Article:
Skyfall is highly entertaining with top-notched video and audio. I hope Roger Deakins will win the Oscar for Cinematography, Thomas Newman for Original Score, and the more sure-bet win for Adele. Hopefully, she does not drop any F-bomb in her acceptance speech. I am sure a Collector’s Edition of this movie will come out later on, but for now, this set will do for now, and is highly recommended.


Congratulations to Adele Adkins for winning the Oscar for Best Original Song, plus a fantastic live performance on the show. On the recent Brit Awards Show, Skyfall was awarded Single Of The Year 2012. Adele was not present to receive the award because she was in Los Angeles rehearsing for the live performance during Oscar broadcast. Great job!


The current price of $14.99 is the CHEAPEST so far, after dropping from the original price of $24.99. If you like this movie, buy it now. It is a real bargain!
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TOP 100 REVIEWERon December 23, 2014
Not the best Bond movie with Daniel Craig. But, it is watchable and enjoyable with a brilliant soundtrack. It may have earned the most money out of all the Bond movies, and Javier Bardem makes for a worthy foe, but his talents are underutilized by Sam Mendes. Daniel Craig gives another of his routine Bond performance with the same broodiness and edginess. But, I disagree with the majority who think this is the best Bond movie ever made. No it is not. Not by a long shot.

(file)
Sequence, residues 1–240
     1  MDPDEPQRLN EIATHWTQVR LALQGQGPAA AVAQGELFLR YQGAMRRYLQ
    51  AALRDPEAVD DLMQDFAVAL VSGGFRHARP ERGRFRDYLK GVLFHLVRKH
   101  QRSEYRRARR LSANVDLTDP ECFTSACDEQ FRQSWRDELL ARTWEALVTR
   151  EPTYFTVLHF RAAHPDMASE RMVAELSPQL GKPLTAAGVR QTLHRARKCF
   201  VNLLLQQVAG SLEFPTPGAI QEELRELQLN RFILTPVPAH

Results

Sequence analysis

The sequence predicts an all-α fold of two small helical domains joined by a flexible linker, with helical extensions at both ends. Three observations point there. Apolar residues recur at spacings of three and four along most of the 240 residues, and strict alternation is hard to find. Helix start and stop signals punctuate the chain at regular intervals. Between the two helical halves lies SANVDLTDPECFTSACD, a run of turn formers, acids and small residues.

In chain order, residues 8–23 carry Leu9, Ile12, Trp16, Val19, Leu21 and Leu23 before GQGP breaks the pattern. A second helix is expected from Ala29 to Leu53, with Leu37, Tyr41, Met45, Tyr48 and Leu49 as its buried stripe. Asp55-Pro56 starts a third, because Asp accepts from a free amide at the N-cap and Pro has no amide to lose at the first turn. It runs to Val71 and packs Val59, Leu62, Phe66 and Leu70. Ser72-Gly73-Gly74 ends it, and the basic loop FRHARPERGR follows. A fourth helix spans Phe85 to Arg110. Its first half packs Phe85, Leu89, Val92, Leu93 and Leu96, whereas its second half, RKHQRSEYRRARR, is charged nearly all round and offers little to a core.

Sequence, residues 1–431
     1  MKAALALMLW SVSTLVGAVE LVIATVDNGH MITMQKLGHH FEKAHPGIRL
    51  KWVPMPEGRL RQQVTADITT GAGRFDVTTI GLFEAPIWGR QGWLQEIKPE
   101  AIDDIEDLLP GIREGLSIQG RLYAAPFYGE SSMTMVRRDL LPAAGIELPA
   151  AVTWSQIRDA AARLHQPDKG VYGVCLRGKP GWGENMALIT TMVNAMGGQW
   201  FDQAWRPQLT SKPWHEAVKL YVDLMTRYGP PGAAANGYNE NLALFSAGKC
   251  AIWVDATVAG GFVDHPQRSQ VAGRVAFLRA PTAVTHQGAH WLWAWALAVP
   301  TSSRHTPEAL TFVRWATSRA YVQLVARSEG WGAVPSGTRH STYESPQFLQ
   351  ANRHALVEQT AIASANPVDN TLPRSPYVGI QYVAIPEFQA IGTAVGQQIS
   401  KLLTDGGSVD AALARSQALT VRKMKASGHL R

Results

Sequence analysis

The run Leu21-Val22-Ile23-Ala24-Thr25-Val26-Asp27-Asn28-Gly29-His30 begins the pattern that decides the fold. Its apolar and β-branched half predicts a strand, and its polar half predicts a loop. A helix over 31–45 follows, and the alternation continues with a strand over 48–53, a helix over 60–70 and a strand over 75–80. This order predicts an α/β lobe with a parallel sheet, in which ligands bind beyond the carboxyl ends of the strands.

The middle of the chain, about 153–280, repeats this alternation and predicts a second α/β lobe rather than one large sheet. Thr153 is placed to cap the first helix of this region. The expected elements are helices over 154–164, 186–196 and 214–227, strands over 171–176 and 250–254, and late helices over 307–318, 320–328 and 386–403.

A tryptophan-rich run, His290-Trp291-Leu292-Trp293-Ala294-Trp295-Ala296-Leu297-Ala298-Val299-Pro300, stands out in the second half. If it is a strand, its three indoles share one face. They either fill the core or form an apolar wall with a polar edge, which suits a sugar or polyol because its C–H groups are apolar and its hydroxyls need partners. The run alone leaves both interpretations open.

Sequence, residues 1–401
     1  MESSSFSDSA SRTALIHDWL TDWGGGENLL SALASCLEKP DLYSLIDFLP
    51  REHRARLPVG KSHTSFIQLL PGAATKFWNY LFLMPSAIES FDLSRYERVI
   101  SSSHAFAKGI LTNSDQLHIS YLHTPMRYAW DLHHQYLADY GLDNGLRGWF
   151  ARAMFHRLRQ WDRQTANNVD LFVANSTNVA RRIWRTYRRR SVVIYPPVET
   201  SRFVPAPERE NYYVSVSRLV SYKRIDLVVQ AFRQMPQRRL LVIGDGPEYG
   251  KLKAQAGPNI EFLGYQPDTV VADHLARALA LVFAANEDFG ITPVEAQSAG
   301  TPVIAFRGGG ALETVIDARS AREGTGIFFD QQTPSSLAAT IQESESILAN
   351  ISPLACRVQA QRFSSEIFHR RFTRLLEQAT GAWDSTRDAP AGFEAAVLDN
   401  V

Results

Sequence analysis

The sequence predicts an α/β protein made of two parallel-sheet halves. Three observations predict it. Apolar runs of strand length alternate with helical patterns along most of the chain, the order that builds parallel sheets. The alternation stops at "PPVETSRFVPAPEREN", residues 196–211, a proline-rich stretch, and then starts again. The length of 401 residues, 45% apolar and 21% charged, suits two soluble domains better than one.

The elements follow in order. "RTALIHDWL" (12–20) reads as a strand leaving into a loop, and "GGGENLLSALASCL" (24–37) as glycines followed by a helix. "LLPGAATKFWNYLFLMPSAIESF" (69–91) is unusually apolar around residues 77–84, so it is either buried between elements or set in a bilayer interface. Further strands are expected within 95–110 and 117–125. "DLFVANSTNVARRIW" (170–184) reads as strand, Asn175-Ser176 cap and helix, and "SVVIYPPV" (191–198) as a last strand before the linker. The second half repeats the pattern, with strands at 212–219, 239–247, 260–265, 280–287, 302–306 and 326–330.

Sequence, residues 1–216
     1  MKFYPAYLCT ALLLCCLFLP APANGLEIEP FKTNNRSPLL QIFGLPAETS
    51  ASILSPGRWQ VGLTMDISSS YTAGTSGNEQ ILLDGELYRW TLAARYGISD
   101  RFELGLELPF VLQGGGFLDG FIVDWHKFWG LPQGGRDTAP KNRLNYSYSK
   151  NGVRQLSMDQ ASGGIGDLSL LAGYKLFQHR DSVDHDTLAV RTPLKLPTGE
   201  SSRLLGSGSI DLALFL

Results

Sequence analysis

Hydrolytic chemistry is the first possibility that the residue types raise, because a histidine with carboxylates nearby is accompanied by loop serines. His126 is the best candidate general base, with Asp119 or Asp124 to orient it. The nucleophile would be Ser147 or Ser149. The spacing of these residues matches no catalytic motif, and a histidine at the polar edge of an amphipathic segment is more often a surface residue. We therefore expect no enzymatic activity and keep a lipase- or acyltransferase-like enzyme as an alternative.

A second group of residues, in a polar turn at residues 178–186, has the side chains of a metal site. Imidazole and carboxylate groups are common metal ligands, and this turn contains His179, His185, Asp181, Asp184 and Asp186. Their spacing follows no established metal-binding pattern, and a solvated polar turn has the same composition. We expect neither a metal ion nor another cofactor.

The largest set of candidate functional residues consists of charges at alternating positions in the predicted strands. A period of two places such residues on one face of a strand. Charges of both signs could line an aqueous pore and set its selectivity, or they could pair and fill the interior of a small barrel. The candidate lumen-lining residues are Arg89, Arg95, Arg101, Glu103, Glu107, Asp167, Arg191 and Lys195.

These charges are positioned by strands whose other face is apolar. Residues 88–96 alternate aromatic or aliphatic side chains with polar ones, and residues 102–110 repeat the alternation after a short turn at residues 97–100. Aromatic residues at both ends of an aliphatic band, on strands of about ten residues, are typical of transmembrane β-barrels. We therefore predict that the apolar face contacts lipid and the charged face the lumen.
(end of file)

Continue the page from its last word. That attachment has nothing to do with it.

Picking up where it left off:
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on April 7, 2013
Daniel Graig is probably the best Bond.The movie certainly uses special effects to fullest . The stories seem to going in a new direction. Wonder what Ian Fleming would think of his hero now?
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on May 27, 2015
An unknown bad guy (Javier Bardem) has obtained the list of all NATO nation covert operatives working inside terrorist cells. As he threatens to release them, an aged Bond (Daniel Craig) who appears to have lost a step, must go to Shanghai and appear in the obligatory casino scene and attempt to get back the computer file. This feature has the standard Bond lines, killer title track, sensual scenes, over the top chase action, as well as a return to Bond's roots.

Judi Dench as "M" was superb. Adele singing the title track, who else? The Bond series has kept up with the times as expected and leaves sequel possibilities open. Good action flick, although I do not consider this to be the best Bond film ever or even close. It lacked the fun gag names that makes for great spoofs, but did use Silva, the name of our bad guy from the urban dictionary: Silvas are typically the most handsome men one will ever come across in person. A silva is a strong, sexy, and successful individual that doesn't need anyone but himself. Worth a peek on the big screen.